Growth pattern in children with systemic lupus erythematosus

Eiman Abdalla, Lakshamanan Jeyaseelan, Irfan Ullah, Reem Abdwani

Research output: Contribution to journalArticle

Abstract

Objectives: Children with childhood-onset systemic lupus erythematosus (cSLE) enter adulthood with considerable morbidity. Of the recognized morbidities, growth failure is unique to cSLE. The aim of this study was to evaluate the growth pattern in children with cSLE longitudinally and identify possible risk factors. Methods: Serial anthropometric measurements of cSLE patients were obtained over two years and expressed as z-scores. Parental heights were obtained to calculate target height. Parent-adjusted height z-score was calculated as the difference between height z-score and target height. Growth failure was defined as parent-adjusted height z-score < -1.50. Risk factors that might have contributed to growth failure were evaluated including the presence of growth failure at baseline, disease activity, disease duration, and cumulative steroid doses. Results: Twentyfive patients were included in the study. Growth failure was observed in eight patients with an overall incidence of 32.0% (95% confidence interval (CI): 14-50%). When comparing the cohort with and without growth failure, the factors that determined growth failure was the pre-existence of growth failure at the time of diagnosis (z-score < -1.95 vs. 0.35; p < 0.001); higher cumulative steroid dose (15.8 vs. 9.1 g; p = 0.061); and tendency for longer disease duration (5.4 vs. 3.7 years; p = 0.240). However, the severity of disease activity at the time of diagnosis was not a significant contributing factor (12 vs. 14; p = 0.529). Conclusions: Children with cSLE are at risk of having a negative effect on height including patients with pre-existing growth failure, high cumulative steroid dose, and longer disease duration. However, longitudinal prospective studies are needed to examine damage over time to improve health-related quality of life.

Original languageEnglish
Pages (from-to)284-290
Number of pages7
JournalOman Medical Journal
Volume32
Issue number4
DOIs
Publication statusPublished - Jul 1 2017

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Systemic Lupus Erythematosus
Growth
Steroids
Morbidity
Longitudinal Studies
Intercellular Signaling Peptides and Proteins
Quality of Life
Prospective Studies
Confidence Intervals
Incidence

Keywords

  • Corticosteroids
  • Growth
  • Growth failure
  • Systemic lupus erythematosus

ASJC Scopus subject areas

  • Medicine(all)

Cite this

Growth pattern in children with systemic lupus erythematosus. / Abdalla, Eiman; Jeyaseelan, Lakshamanan; Ullah, Irfan; Abdwani, Reem.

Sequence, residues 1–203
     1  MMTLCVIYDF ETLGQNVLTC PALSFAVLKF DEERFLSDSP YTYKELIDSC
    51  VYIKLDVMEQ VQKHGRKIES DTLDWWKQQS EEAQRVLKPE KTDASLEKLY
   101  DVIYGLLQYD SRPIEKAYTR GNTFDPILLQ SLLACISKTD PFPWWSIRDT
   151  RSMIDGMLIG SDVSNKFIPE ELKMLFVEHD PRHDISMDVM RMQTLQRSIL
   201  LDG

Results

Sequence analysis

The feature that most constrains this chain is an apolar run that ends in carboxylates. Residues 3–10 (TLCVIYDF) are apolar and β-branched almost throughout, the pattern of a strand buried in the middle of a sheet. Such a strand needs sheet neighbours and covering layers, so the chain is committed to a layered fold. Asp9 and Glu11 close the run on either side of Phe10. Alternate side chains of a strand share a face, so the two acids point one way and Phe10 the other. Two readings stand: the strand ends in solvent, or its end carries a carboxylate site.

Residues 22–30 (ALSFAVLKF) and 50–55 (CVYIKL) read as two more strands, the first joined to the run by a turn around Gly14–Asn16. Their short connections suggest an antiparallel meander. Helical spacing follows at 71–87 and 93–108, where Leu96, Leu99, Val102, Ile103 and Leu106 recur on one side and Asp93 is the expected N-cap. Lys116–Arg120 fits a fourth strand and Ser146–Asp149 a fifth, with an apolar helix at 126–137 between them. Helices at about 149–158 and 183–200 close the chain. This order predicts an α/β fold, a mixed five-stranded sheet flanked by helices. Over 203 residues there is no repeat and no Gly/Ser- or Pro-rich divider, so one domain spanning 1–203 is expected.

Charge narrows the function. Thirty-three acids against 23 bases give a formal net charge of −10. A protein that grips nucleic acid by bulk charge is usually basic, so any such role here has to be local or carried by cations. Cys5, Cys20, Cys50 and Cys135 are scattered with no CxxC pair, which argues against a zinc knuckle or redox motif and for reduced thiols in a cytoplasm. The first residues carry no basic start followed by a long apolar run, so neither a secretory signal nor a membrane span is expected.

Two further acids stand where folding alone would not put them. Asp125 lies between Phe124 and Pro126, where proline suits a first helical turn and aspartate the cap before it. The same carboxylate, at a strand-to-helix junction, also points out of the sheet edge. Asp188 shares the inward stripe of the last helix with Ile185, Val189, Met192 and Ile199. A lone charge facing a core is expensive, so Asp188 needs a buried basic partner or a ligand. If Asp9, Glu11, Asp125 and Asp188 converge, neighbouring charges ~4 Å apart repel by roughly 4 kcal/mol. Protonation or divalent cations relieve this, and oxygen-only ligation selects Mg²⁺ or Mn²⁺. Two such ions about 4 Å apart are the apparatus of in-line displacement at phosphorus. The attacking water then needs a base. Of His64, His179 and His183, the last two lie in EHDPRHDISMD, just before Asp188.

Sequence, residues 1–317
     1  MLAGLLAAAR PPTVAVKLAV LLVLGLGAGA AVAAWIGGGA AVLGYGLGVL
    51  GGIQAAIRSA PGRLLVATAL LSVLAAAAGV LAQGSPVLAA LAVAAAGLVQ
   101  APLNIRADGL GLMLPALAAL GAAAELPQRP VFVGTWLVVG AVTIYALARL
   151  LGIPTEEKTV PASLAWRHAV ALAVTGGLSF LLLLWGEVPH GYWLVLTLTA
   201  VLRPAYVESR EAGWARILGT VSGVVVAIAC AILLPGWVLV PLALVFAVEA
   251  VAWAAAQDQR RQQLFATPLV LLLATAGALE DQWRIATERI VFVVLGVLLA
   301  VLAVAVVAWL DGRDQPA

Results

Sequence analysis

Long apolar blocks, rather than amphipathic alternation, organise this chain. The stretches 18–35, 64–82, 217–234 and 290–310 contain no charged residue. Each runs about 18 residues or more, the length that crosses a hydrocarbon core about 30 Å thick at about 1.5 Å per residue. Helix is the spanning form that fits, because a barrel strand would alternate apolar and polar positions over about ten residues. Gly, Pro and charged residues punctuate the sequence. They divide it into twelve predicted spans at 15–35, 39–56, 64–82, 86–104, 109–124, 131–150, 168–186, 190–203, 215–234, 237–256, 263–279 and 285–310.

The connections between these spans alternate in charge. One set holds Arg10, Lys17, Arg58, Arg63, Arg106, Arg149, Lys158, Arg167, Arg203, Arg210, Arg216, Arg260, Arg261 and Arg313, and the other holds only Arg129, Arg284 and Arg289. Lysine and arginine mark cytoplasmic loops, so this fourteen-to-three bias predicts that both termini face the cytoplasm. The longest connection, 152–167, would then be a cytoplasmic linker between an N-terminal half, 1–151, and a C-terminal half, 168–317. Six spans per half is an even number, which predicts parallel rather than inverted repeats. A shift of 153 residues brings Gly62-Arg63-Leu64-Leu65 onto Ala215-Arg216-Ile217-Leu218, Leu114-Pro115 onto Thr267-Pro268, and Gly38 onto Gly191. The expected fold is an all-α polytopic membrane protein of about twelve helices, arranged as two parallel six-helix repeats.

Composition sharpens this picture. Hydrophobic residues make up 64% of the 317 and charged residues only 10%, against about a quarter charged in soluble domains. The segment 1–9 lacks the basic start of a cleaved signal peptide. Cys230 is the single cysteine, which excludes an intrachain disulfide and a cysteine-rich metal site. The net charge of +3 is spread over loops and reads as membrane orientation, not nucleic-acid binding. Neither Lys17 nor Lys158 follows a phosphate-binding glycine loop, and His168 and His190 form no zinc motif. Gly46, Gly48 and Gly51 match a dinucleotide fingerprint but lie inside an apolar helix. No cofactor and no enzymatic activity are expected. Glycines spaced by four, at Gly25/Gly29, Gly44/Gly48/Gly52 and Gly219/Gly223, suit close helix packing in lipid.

In: Oman Medical Journal, Vol. 32, No. 4, 01.07.2017, p. 284-290.

Research output: Contribution to journalArticle

Abdalla, Eiman ; Jeyaseelan, Lakshamanan ; Ullah, Irfan ; Abdwani, Reem. / Growth pattern in children with systemic lupus erythematosus. In: Oman Medical Journal. 2017 ; Vol. 32, No. 4. pp. 284-290.
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AB - Objectives: Children with childhood-onset systemic lupus erythematosus (cSLE) enter adulthood with considerable morbidity. Of the recognized morbidities, growth failure is unique to cSLE. The aim of this study was to evaluate the growth pattern in children with cSLE longitudinally and identify possible risk factors. Methods: Serial anthropometric measurements of cSLE patients were obtained over two years and expressed as z-scores. Parental heights were obtained to calculate target height. Parent-adjusted height z-score was calculated as the difference between height z-score and target height. Growth failure was defined as parent-adjusted height z-score < -1.50. Risk factors that might have contributed to growth failure were evaluated including the presence of growth failure at baseline, disease activity, disease duration, and cumulative steroid doses. Results: Twentyfive patients were included in the study. Growth failure was observed in eight patients with an overall incidence of 32.0% (95% confidence interval (CI): 14-50%). When comparing the cohort with and without growth failure, the factors that determined growth failure was the pre-existence of growth failure at the time of diagnosis (z-score < -1.95 vs. 0.35; p < 0.001); higher cumulative steroid dose (15.8 vs. 9.1 g; p = 0.061); and tendency for longer disease duration (5.4 vs. 3.7 years; p = 0.240). However, the severity of disease activity at the time of diagnosis was not a significant contributing factor (12 vs. 14; p = 0.529). Conclusions: Children with cSLE are at risk of having a negative effect on height including patients with pre-existing growth failure, high cumulative steroid dose, and longer disease duration. However, longitudinal prospective studies are needed to examine damage over time to improve health-related quality of life.

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